Kenny Vaughn, guitarist for the band, said he loves the sound of the R92 on guitars. “The ribbon picks up more of the frequencies of the guitar in a more balanced way,” he said. “It’s more like what you hear with your ears. Nobody puts their ear up next to an amplifier. A lot of what you hear is the cabinet, what’s behind the amplifier and what’s coming from the sides. There is more to it than just the sound coming out of the speaker. Ribbon mics capture more of the entire natural amplifier experience, rather than an artificial, compressed sound.”

Harry Stinson, vocalist and drummer, said when he puts a microphone in front of something — say an acoustic guitar — he wants it to sound like an acoustic guitar.

“Condensers are a little spitty…sometimes big diaphragm mics just don’t get it and it is hard to pull them up in the mix. Mics like the AEA ribbons just make the music sound natural. It’s what I’m hearing from a guitar when I listen with my ears. Condensers sound processed to me. Sometimes you need that, but most of the time you don’t. I like that warm ribbon sound.”

On the AEA A440 used in the recording sessions, Stinson said the group can mix themselves around the microphone. “We like singing together. That’s the main thing. Finding a way to reproduce the way we sound when we are just singing together is important and ribbon microphones reproduce that perfectly.


“In the old days, groups had to learn to cluster around one microphone because of the limited production, if there was any at all. They had to pony up when it was time for them to solo and then they would move in and move out. That has been lost today. People can still do it, but they are so used to singing on separate microphones and having someone else mix it. When you do that, however, you lose control of what your sound really is. When we sing around one mic it sounds natural, big and warm. It also makes it easier to sing. The first time we used the N22 in our acoustic set-up, we sang and went ‘oh man — this is the way it should be.’”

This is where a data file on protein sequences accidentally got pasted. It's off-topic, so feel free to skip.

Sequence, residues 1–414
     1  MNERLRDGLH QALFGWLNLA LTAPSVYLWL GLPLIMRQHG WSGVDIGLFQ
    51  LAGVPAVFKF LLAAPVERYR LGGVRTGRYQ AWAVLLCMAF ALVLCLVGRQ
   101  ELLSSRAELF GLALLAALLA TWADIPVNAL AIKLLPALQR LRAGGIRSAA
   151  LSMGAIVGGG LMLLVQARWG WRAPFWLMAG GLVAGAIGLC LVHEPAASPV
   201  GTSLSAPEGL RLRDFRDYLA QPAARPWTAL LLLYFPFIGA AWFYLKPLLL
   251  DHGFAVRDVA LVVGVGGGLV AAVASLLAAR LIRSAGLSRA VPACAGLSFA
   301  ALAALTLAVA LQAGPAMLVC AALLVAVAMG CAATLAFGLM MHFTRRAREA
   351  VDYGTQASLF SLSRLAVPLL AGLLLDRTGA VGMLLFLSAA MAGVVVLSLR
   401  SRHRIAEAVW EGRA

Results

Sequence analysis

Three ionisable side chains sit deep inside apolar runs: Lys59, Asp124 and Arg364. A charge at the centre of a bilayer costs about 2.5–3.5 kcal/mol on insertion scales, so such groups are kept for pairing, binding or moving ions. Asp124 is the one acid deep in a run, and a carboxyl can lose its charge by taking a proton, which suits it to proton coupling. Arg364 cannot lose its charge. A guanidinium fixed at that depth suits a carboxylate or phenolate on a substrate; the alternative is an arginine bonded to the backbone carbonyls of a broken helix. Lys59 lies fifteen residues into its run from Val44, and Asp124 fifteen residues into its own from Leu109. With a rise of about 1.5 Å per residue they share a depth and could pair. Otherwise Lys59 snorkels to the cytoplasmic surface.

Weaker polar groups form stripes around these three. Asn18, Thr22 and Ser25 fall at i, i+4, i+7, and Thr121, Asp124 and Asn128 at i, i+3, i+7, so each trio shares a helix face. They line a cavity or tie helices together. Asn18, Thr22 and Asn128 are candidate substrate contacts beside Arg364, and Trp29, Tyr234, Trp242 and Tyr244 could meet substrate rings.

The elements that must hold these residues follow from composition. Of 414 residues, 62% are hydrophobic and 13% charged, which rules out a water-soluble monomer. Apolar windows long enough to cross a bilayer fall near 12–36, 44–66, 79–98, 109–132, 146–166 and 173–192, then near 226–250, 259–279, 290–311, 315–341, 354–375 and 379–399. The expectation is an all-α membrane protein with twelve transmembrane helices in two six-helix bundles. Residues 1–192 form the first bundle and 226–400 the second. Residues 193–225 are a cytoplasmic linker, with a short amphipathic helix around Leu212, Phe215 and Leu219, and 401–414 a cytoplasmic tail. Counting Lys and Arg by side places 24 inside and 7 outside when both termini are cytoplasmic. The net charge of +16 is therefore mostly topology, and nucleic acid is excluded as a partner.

On the Road With Ribbons

The Stuart band’s regular performance gear includes AEA R92s on two Fender Deluxe guitar cabinets and a pair of N22s on drums. On acoustic sets, they very often use ribbons for vocals, including the N22, which the band members like.

Stinson said the near-field characteristics of the N22 and R92 is a big factor in being able to use them effectively on stage. “Also, there is a lot less fooling around with EQ. When you move away from the flat range and start adding and taking away to try to make the sound natural, you already have problems. With the N22, there is much less work to do.”

Conley said he has noticed a real groundswell of people rediscovering ribbon microphones and using vintage recording techniques.

“I think people are getting tired of hearing poor sound,” he said. “It is a reaction to the over-production from multi-tracking. You lose something by not having people stand around a microphone to perform. Having ribbons out in a room for a drum kit is like nothing else. You can tailor that sound to anything you want. The beauty of the traditional ribbons too is you can be quite a distance from them and they still sound warm and thick. Ribbons are an amazing tool.